The Basic Elements of Healthcare Reimbursement — Part 1
By Toni Cesta, PhD, RN, FAAN
Changes in healthcare reimbursement have occurred with lightning speed over the last two decades. Earlier, reimbursement had been stagnant for many years and functioned on a “no questions asked” basis. Providers billed for services rendered and were reimbursed — with no checks, balances, or control over costs of care. Case management, as a care delivery model, followed a similar course. It was a community-based model dating to the 1920s. But as reimbursement changed, so did case management. This month we will begin our discussion of reimbursement, including the changes to case management as it evolved with reimbursement.
Reimbursement Inspired Change in Healthcare
Evolution in reimbursement motivated change in healthcare delivery, moving case management into the limelight in the mid-1980s. Before the 1980s, most reimbursement schemes were fee-for-service (FFS), with little concern for length of stay or cost of care. Overuse was common — the more that was spent, the greater the reimbursement. This could be viewed as an overuse reward system. With no checks and balances on the system, costs continued to increase. At the same time, the costs of pharmaceuticals, radiology, and supplies escalated with minimal management. It became apparent to hospitals and healthcare systems that greater accountability was needed.
Forces driving the move toward case management:
- 1970s: Escalating healthcare costs;
- 1980s: Prospective payment system in acute care settings;
- 1990s: Managed care infiltration;
- 2000s: Prospectivfve payment in home care, outpatient care, rehabilitation services, and long-term care;
- 2010: Healthcare reform.
Eventually, these spiraling and unchecked costs brought pushback from patients and third-party payers. No longer were they willing to pay these high costs. It also was becoming apparent that healthcare quality was not keeping pace with the increased expenditures. Were these higher costs necessary or were they simply a result of an unchecked healthcare system? Some patients were concerned they were paying more and getting less. This concern was not unfounded. Care quality did not improve simply by throwing more resources into the process. In fact, in some instances, resource misuse and overtreatment exacerbated the problem.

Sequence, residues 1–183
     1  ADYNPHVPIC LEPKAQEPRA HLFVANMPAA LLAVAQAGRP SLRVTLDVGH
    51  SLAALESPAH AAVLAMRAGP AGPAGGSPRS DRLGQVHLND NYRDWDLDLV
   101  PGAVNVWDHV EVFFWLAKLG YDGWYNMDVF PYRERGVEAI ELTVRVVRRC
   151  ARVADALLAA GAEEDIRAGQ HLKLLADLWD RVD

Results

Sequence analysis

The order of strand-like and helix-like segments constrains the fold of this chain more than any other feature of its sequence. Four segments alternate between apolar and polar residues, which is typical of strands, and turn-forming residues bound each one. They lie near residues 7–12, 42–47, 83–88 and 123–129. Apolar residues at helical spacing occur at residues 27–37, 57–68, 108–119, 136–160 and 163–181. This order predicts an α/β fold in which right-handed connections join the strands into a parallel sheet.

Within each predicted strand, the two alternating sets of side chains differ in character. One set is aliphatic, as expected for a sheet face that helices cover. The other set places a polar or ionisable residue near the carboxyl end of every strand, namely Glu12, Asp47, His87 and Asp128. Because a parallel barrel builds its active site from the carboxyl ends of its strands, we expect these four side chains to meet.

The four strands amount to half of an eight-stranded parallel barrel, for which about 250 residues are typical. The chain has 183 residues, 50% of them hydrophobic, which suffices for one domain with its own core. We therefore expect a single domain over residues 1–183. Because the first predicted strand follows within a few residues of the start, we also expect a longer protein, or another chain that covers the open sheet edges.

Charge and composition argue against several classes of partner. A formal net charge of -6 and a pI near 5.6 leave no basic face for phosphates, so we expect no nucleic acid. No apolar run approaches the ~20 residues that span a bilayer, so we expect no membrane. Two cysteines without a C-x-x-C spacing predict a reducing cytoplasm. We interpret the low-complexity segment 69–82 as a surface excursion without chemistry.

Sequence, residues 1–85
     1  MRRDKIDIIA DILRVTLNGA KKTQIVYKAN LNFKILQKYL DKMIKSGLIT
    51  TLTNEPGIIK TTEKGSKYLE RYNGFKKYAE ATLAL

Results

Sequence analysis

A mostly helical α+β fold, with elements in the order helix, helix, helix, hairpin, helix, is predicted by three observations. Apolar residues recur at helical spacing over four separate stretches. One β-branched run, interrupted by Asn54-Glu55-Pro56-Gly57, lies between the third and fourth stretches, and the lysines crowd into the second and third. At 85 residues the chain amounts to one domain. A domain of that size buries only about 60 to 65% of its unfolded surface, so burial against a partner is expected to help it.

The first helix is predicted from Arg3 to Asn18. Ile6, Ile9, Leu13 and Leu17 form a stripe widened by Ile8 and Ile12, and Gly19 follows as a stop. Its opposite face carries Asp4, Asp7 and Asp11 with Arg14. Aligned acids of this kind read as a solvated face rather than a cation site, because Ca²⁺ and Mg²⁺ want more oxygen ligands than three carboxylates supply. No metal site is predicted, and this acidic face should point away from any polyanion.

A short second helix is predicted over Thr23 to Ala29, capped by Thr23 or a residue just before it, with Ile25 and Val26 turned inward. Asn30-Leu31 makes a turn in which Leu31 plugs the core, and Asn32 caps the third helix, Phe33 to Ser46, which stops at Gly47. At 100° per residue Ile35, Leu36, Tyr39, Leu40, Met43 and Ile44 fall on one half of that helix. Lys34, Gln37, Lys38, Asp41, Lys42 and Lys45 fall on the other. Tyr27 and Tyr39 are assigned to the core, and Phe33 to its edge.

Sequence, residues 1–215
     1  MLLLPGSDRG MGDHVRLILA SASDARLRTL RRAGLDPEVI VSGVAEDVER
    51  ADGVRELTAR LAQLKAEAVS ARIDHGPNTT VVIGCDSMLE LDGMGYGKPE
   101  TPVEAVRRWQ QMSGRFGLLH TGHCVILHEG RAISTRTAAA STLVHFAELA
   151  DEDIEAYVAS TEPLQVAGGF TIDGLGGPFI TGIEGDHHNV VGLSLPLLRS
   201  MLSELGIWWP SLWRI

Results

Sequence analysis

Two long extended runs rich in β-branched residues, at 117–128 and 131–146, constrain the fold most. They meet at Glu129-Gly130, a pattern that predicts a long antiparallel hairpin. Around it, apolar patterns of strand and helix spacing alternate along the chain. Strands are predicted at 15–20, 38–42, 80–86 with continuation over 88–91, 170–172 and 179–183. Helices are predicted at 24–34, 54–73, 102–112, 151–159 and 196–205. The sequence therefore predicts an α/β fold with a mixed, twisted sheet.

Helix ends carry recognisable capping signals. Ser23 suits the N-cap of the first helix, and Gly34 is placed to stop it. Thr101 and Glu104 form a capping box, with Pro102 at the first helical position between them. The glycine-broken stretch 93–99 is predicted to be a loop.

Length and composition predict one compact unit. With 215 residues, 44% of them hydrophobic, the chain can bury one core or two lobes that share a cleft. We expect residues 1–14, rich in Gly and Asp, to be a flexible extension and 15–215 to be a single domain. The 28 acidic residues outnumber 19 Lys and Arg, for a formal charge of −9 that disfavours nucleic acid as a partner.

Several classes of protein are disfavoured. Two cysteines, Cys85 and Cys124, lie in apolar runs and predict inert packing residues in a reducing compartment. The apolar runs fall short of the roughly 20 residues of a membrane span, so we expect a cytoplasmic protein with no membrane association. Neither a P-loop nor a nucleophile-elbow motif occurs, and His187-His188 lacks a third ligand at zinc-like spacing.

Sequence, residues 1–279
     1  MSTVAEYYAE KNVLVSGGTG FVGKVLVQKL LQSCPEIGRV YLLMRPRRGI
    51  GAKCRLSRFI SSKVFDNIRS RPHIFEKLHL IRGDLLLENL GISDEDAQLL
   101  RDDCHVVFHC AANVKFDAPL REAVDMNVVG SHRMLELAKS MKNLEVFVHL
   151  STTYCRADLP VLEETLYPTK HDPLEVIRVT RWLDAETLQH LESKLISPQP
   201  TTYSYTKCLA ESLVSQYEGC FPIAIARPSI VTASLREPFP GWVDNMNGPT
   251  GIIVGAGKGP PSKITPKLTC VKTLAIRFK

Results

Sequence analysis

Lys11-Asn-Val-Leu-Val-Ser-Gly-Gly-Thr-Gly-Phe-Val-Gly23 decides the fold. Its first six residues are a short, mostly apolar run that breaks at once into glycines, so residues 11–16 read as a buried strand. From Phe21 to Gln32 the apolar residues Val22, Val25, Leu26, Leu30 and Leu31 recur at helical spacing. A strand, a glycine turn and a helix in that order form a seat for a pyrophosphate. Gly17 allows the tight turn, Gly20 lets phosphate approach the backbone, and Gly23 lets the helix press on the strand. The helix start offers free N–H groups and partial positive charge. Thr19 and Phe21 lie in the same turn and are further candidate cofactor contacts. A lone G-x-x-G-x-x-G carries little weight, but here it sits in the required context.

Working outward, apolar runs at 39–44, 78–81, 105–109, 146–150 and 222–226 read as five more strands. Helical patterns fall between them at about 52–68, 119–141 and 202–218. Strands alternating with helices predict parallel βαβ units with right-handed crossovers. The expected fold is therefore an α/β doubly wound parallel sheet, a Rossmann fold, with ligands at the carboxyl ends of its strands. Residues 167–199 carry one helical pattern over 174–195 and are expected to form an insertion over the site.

By the mid-1980s, many pilot projects were underway to develop changes in delivery that might reduce costs while improving care quality. Since value in healthcare is the equation that reduces costs and improves patient outcomes, these changes were a serious value proposition. The federal government under the Medicare and Medicaid programs introduced the prospective payment system (PPS) and the development of the diagnosis-related groups (DRGs). The idea was to move hospitals and healthcare systems to fixed-rate payments applied, regardless of the resources consumed.
Almost simultaneously, employers — the largest purchasers of healthcare insurance — began looking for alternatives to indemnity plans as healthcare costs continued to rise.
Early efforts were focused on cost-cutting, particularly in many of the early managed care plans. The tighter the controls on the expenditures, the lower the cost of care. Lower costs meant premiums could be kept as low as possible, attracting more companies to these plans.
It was not long before hospitals and healthcare systems realized the best way to control costs was to understand care quality. A different approach to measuring outcomes was born. While financial indicators were obvious, there were bigger challenges in measuring quality within managed care as well as under the PPS. Many hospitals introduced and adopted quality tools that focused on continuous quality improvement (CQI). CQI was one of the first concepts to gain popularity. The other was case management. In time, these techniques provided the framework for future delivery models and outcomes management.
The PPS and DRGs were the major drivers that moved case management from a community-based model to one that would be used in hospitals and other acute care settings. Under the earlier FFS models, there were no financial incentives for hospitals to reduce cost or shorten length of stay.